Quiz: What company is the largest manufacturer of commercial vehicles in the world?
Unless you’re better informed than I, you answered wrong. The correct response is Foton, a Chinese industrial giant. Now the company is introducing a mid-sized double-cab pickup to the South African and Australian markets, designed to compete directly with such well-established trucks as the Toyota Hilux, Nissan Navaro, and the Volkswagen Amarok.
Lest you dismiss the Tunland, as the model is known, as another Chinese knockoff product produced solely to compete on price, consider the design process undertaken by the company, and the range of componentry used in the construction.
In addition to its own engineering staff, Foton employed 50 engineers from Japan and the U.S. (interesting, the U.S. bit . . .) during the design phase. The company produced 120 prototypes during a three-year development program, putting each through 150,000 kilometers of testing on poor rural roads as well as urban highways. Foton contracted with Cummins to design a 2.8-liter, common-rail turbodiesel engine that produces 120 kw (160 hp) and 360 Nm (265 foot pounds). The transmission is a five-speed Getrag, other components come from Bosch, ZF, and Dana. A rear diff lock is available on the four-wheel-drive model. Tow rating is an impressive 2,500 kilograms.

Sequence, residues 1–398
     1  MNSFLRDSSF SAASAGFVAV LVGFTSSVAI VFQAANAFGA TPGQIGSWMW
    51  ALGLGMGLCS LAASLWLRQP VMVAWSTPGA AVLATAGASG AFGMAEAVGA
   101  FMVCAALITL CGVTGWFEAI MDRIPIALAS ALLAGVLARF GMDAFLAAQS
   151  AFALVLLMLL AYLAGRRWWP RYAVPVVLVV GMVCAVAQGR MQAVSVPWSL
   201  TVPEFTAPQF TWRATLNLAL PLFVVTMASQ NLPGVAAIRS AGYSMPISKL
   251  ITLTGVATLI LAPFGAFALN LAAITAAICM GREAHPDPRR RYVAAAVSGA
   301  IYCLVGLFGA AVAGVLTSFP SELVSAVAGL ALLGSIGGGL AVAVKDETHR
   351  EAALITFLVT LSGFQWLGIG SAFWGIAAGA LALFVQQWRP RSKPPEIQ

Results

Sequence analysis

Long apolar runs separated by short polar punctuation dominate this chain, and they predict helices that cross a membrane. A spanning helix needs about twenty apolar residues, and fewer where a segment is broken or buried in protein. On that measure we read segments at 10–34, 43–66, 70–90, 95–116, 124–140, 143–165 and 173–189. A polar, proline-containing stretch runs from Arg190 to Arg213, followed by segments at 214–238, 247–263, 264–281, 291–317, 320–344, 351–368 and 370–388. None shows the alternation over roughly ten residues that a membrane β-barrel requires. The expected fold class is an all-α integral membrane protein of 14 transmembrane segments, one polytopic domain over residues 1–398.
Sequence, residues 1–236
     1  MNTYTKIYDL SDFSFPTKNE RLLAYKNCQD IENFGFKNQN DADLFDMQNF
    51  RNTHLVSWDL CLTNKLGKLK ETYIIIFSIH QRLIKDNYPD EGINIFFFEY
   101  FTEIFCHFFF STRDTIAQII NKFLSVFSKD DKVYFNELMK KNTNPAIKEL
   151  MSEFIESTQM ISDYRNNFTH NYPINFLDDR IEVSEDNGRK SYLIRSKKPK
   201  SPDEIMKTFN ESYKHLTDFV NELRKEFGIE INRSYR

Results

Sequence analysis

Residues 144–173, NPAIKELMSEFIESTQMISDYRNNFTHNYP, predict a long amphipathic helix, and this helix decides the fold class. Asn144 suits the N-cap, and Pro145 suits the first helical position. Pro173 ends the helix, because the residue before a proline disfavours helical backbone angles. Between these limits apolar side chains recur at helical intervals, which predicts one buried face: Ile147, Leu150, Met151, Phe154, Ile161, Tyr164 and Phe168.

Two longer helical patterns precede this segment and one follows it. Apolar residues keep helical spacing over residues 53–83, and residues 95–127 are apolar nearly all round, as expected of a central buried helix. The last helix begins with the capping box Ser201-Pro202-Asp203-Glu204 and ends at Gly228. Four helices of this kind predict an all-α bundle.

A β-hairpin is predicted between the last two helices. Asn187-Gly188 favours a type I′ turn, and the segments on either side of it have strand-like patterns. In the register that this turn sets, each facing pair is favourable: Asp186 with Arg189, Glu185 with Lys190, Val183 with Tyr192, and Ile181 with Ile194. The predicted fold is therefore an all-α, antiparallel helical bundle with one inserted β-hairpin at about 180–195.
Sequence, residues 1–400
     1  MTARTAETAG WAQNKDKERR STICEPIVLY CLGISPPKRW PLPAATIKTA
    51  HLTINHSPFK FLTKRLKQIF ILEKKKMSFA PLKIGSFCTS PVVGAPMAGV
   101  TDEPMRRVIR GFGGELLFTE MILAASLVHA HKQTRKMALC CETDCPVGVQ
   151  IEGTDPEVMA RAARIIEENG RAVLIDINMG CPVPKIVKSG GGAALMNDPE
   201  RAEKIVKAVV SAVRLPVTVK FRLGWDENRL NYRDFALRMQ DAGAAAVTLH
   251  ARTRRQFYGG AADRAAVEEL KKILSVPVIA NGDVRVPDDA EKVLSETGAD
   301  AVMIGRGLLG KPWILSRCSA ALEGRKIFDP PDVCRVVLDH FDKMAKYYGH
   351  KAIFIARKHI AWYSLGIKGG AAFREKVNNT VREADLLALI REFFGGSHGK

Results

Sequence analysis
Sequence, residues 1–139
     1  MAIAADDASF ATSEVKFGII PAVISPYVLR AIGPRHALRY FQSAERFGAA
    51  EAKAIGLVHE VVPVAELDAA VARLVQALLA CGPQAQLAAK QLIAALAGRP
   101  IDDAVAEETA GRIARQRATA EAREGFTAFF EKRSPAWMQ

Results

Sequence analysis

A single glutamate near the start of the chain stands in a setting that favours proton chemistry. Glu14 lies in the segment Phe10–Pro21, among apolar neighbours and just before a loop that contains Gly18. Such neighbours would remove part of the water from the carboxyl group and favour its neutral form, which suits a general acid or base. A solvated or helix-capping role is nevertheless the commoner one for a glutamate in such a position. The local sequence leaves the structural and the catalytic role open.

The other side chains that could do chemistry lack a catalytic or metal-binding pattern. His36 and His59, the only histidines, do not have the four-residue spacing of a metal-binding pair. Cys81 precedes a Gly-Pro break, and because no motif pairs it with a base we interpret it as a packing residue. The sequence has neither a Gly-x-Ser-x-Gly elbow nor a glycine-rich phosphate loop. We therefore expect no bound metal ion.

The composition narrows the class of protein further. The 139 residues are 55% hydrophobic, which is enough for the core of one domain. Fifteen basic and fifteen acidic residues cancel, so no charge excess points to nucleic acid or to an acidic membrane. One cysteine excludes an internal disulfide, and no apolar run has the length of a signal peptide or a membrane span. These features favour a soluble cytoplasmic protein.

Styling of the Tunland is anodyne, but proportional, unlike, say, the awkward Mahindra that never made it to our shores. The interior is likewise unremarkable but functional.
The Tunland will be equipped with SRS driver and passenger airbags and ABS brakes, as well as other potentially North-American-friendly features such as iPod integration, Bluetooth connectivity, and options such as leather upholstery. Given all that, the tapping of American engineers, plus the fact that the Cummins engine can be specced for Euro 5 emissions standards, could Foton be eyeing the U.S. market? Sooner or later we will see Chinese brands here; it would be good news if one of them were a turbodiesel pickup.